I ran into an old friend tonight after Paul Ryan's speech. We shared a beer at a nearby hotel lounge, where he put a question to me in an amiable way: For the past 20 years, I've been urging Republicans to take a harder line on entitlements. Now here at last in Paul Ryan is a Republican willing to do just that. He's intelligent, knowledgeable, serious, and committed. Exactly what I've been hoping for all these years. So why aren't I applauding?
It is ironic. Had the GOP nominated a Paul Ryan in 1996, I'd have whistled louder than anyone in the hall.
But 1996 was not a year of deep economic malaise in the United States. And in 1996, the baby boomers still had many years of working life ahead of them. A proposal to load all the burden of change on people under 55 would not have wrought nearly so much unfairness then, when the retirees were overwhelmingly drawn from the population that had experienced Depression and war, than it is today. Today, it is the retirees and near-retirees who have the full benefit of economic expansion. It is the younger Americans on whom the sacrifice will be entirely loaded who have faced the hardest economic times.
So when Paul Ryan talks about the courage to face America's problems, I keep thinking: there are in fact two problems here, one chronic (entitlements) and one urgent (unemployment). The Republican party seems to have united around a program of ignoring the urgent in favor of the important.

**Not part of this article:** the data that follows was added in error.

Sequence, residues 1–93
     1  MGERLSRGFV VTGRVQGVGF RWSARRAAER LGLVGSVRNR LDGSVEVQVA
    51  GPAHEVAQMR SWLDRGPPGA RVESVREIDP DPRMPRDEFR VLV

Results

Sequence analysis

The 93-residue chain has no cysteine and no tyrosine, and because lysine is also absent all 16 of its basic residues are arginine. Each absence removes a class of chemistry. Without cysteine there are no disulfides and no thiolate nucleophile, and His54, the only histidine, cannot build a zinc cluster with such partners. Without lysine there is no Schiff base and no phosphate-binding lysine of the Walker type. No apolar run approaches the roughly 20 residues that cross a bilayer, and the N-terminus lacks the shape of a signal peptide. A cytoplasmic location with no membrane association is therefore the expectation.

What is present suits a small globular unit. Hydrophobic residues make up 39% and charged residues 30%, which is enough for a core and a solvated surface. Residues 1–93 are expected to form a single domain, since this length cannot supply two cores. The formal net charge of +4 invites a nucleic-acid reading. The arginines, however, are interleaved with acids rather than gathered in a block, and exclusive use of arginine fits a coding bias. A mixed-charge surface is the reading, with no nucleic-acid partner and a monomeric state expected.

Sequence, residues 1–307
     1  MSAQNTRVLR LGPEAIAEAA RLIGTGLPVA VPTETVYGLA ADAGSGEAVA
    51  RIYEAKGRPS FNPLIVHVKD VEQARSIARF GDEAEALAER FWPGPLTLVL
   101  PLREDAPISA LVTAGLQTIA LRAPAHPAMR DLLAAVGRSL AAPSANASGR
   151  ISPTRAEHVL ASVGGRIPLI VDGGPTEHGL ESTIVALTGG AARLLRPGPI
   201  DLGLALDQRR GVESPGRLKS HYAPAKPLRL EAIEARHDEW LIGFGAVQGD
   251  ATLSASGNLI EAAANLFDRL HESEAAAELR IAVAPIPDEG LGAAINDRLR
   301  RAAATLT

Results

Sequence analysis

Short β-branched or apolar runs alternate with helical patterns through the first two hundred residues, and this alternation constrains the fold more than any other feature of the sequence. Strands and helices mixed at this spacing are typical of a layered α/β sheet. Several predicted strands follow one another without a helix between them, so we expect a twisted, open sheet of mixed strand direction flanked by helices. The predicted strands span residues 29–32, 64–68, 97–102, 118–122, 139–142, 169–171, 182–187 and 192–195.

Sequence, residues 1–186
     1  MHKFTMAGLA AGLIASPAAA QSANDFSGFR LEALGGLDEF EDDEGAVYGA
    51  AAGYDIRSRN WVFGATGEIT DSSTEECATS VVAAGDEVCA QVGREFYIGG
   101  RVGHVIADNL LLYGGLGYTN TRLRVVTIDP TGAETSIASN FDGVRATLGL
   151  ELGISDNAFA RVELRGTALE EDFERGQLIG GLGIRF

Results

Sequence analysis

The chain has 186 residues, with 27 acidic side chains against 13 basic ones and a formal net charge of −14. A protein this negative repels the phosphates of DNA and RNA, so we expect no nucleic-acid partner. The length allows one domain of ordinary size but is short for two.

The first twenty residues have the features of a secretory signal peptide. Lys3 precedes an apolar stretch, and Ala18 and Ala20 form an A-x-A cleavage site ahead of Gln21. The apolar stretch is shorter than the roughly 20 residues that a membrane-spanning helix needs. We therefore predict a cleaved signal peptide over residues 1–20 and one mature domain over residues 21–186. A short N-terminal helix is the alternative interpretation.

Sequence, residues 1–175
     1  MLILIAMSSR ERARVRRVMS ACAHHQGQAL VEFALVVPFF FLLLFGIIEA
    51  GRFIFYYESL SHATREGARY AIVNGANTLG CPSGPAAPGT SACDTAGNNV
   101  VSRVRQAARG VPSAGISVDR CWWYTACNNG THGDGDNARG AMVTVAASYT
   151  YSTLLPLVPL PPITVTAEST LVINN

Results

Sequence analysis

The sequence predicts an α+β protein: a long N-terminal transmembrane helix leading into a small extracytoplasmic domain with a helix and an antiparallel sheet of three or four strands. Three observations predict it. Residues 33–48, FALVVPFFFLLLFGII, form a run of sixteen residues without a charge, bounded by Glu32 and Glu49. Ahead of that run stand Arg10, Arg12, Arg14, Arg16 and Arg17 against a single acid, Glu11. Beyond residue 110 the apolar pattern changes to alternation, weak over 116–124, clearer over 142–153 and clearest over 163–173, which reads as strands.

True, Ryan's speech last night promised that action on entitlements and other spending would somehow translate into jobs. But he omitted to explain how that would work, and few economists would find convincing the economic theory in his plan.
Even the most economically literate Republicans have trouble wrapping their minds around the ways that this recent economic trauma differs from that of 1979-80: no high interest rates for the Federal Reserve to cut and thereby accelerate growth; no inflation to be curbed by higher production stimulated by tax cuts; etc. If the crisis of today is basically similar to that of 1979-80, then they can believe that the 1979-80 remedy will work again as it did then. That's the real promise of Paul Ryan.
And here maybe is where the vice presidential candidate's youth plays unconsciously powerfully in his favor: by reviving the arguments and policies of 30 years ago - by invoking the still powerful name of Jack Kemp, a hero to many in this hall back when they were even younger than Ryan is now - he makes the attendees feel young again and that their world is new.